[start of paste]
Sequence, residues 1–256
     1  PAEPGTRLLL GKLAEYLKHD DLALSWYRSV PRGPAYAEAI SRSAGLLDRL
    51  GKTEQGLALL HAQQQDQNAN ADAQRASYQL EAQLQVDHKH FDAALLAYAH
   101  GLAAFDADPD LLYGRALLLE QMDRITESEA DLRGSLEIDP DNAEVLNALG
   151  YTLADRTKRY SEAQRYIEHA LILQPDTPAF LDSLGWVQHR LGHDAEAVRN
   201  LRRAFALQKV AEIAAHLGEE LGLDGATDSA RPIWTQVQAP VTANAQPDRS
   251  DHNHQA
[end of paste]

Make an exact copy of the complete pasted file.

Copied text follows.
Sequence, residues 1–256
     1  PAEPGTRLLL GKLAEYLKHD DLALSWYRSV PRGPAYAEAI SRSAGLLDRL
    51  GKTEQGLALL HAQQQDQNAN ADAQRASYQL EAQLQVDHKH FDAALLAYAH
   101  GLAAFDADPD LLYGRALLLE QMDRITESEA DLRGSLEIDP DNAEVLNALG
   151  YTLADRTKRY SEAQRYIEHA LILQPDTPAF LDSLGWVQHR LGHDAEAVRN
   201  LRRAFALQKV AEIAAHLGEE LGLDGATDSA RPIWTQVQAP VTANAQPDRS
   251  DHNHQA